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An Independent School • Grades 5-12

by Elaine Christensen, Middle School director

In many ways, the last week in the Middle School has been subdued, as we process the loss of longtime Lakeside Spanish teacher Mirta Blat. Many of our students in grades 6, 7, and 8 knew Mirta as a teacher, advisor, and affinity group leader. She will be deeply missed by them, her former students, and all of her colleagues.

During this time, I’ve been heartened to see so many students reaching out to adults they trust. Many are connecting and talking in the counseling office — both with counselor Mike Matsumoto and with each other. One of the special things about Lakeside is our extensive student support. I encourage you to reach out to advisors, members of the student and family support program, or to me or Rob Blackwell, if you need any help or advice in helping students process their feelings at home.

Reflections on service learning

It’s been a busy fall, but the students recently had an opportunity to pause and reflect on what was important to them during our two service learning days. Lakeside Middle School has three strands in our experiential program: our Service Learning Program, the Outdoor Program, and Middle School Global Service Learning (GSL). Service learning may not be discussed as much as some of our other programs, but it’s a longstanding and critically important part of the Middle School experience.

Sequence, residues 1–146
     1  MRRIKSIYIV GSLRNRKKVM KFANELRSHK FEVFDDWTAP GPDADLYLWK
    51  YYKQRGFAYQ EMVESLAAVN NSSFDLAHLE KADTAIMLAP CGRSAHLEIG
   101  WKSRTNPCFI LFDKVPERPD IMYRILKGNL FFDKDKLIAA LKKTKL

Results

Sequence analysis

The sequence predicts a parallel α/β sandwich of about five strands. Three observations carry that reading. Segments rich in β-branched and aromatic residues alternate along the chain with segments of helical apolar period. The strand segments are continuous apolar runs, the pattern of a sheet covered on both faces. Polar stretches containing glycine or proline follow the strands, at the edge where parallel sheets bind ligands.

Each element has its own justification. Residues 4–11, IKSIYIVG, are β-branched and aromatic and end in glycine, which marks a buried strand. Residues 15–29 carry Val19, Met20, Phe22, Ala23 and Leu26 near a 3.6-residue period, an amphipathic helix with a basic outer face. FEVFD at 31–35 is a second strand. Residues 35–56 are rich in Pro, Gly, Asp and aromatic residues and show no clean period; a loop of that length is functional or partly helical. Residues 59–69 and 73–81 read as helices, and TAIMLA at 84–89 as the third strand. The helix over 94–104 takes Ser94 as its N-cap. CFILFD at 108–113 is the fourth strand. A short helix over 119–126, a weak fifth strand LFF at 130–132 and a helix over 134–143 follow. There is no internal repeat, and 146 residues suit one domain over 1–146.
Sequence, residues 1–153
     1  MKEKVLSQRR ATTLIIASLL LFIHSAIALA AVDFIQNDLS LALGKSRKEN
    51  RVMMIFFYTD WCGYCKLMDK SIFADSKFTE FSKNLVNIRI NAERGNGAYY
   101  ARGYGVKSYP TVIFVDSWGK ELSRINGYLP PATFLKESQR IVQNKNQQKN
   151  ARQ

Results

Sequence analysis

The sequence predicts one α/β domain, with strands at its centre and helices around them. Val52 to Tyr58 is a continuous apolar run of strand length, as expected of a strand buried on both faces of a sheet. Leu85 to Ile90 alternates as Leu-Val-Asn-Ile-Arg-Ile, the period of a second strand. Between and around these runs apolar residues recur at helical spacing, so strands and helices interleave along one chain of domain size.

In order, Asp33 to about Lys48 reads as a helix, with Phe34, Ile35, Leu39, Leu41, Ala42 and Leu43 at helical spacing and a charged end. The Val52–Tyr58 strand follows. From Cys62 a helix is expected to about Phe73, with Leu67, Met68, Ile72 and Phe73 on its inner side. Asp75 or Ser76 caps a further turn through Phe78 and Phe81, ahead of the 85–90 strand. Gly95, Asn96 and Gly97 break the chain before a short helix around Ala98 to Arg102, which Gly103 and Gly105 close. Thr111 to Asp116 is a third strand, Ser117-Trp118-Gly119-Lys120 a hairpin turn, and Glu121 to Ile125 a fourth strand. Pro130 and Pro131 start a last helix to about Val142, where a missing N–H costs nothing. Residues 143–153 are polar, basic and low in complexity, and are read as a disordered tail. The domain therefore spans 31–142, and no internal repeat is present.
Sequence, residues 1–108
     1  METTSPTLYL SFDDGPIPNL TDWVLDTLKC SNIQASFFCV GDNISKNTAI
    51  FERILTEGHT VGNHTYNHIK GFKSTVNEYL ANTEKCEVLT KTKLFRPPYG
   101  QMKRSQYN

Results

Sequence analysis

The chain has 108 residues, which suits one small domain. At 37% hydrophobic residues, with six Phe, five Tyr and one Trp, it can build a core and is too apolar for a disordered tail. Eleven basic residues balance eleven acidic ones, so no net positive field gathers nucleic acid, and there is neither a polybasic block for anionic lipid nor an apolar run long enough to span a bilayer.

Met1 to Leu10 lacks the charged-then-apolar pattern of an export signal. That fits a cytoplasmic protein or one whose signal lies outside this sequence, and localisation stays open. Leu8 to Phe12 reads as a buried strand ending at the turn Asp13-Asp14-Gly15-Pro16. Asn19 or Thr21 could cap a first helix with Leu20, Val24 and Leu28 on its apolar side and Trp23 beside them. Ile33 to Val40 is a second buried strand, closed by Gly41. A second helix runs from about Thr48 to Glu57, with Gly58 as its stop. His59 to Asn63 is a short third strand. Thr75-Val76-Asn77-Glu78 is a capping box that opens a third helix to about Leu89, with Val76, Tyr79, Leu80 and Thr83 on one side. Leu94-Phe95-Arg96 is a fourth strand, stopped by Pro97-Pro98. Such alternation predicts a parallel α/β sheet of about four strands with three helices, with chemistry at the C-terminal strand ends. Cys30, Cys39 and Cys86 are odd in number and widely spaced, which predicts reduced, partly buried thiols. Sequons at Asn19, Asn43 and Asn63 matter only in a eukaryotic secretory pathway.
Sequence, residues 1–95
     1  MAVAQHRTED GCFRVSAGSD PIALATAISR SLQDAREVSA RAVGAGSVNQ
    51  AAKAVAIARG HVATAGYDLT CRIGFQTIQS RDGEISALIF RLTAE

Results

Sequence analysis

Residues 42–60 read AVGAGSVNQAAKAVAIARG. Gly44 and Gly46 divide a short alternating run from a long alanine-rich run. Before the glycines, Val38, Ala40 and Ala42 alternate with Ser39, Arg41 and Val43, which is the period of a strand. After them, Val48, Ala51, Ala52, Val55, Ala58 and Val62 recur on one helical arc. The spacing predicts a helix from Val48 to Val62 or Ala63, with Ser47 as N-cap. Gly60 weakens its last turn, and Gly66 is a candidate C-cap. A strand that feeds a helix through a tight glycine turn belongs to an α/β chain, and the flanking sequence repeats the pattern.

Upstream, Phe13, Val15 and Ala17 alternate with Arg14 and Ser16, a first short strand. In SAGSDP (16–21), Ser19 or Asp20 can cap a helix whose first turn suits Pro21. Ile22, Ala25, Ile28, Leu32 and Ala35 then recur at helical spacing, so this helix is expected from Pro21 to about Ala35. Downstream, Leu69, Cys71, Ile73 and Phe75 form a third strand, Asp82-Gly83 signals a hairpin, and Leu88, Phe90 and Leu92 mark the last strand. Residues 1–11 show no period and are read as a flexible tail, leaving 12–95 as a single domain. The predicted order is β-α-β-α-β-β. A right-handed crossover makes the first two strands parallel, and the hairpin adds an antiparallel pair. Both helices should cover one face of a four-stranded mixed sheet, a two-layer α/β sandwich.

We devote four days a year to service learning, two in the fall and two in the spring. Fifth graders work with their teachers and advisors on a variety of activities related to food, including researching food issues and food justice in the Seattle area, volunteering at a food bank, and organizing a food drive for the entire school. Sixth graders work with Earthcorps, helping to preserve and promote Seattle parks by learning about the environmental impact of parks and plants, pulling non-native species, and planting trees and shrubs that will thrive. Seventh graders volunteer at a variety of places including Aegis Retirement Home, Recovery Cafe, Operation Sack Lunch, Treehouse, and Northwest Harvest.